TABLE 7______________________________________Ex. No. Polyester I Polyester II Non-Hairing______________________________________83 PNA PEA yes84 PNA PESe no85 PNA PBSu yes86 PNA PBA no87 PNA PBAz no88 PNA PHA no89 PNA PHSe yes90 CHDMA PEA yes91 CHDMA PBA no92 CHDMA PBA no93 CHDMA PBSu yes94 CHDMA PHSe no95 PCP PESu yes96 PCP PESe no97 PCP PBSu yes98 PCP PBAz no99 PCP PBSe no100 PCP PHSu no101 PPA PESu yes102 PPA PEA no103 PPA PESe no104 PPA PBSu no105 PPA PBA no106 PPA PBAz no107 PPA PBSe yes108 PPA PHSu no109 PPA PHSe yes______________________________________
These examples illustrate useful combinations of non-linear and linear polyesters in the compositions of the invention that show the desired non-hairing property.
The following examples show the effect of the degree of phase separation (or incompatibility) on the green strength build-up of isocyanate-terminated hydroxy functional polymer compositions.
Blends were prepared as in Examples 1-7. In addition to the viscosity and non-hairing (determined as in Examples 1-7) measurements, the blends were tested for degree of phase separation and ability to hold a sustained load.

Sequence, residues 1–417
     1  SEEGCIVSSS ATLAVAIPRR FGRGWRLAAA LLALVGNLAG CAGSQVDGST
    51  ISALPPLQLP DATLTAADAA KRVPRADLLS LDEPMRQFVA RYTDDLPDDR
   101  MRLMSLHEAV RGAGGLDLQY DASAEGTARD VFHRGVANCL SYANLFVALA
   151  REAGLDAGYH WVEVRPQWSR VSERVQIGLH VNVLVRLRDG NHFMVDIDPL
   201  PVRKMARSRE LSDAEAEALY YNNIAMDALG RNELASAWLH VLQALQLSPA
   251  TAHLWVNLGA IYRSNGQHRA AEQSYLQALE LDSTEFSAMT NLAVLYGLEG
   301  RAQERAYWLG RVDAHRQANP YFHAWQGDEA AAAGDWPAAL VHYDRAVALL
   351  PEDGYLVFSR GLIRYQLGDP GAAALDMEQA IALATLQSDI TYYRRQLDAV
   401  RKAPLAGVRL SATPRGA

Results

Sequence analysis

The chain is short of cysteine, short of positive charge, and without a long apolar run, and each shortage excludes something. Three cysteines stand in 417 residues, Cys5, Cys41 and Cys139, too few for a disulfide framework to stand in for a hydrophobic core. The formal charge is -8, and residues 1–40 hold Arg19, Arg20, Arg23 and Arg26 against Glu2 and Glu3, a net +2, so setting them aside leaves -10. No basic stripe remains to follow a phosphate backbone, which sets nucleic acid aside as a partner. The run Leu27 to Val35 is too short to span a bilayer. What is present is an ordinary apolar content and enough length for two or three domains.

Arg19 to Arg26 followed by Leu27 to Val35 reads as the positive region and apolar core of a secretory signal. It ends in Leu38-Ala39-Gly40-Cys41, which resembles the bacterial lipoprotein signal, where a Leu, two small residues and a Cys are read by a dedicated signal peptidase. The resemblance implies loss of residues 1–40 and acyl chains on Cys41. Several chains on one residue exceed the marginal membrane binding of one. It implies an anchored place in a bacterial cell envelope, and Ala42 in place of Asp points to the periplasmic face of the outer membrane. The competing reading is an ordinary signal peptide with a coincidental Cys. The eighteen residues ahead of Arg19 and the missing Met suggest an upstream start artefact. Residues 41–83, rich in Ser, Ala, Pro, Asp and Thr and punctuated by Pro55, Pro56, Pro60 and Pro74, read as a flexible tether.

Phase separation was determined as follows:
Approximately one gram of molten polymer blend was placed on a microscope slide and the melt was drawn out into a 0.1 to 0.2 mm thick film. The slide was then placed in a 100° C. oven for 60 minutes, then removed from the oven, allowed to cool undisturbed at room temperature and the film was visibly inspected for the formation of circular and elongated domains. The percent of the total melt area occupied by these domains was recorded as the percent of phase separation.
Green strength build-up was determined as follows:
A 0.5±0.05 g quantity of adhesive was extruded at 107° C., onto the center portion (about 5 cm from each end) of a 2.5 cm wide × 10 cm long × 0.8 cm thick piece of Douglas Fir. A timer was started. After 10 seconds, a second piece of Fir was bonded on its center point and at right angles to the first. Firm hand pressure was used to mate the surfaces. After a specified amount of time, a 4.5 kg tensile load was pneumatically applied to the 6.45 sq. cm bond area. The time at which the bond can support the 4.5 kg load was called the "4.5 kg tensile time". The results are reported in Table 8.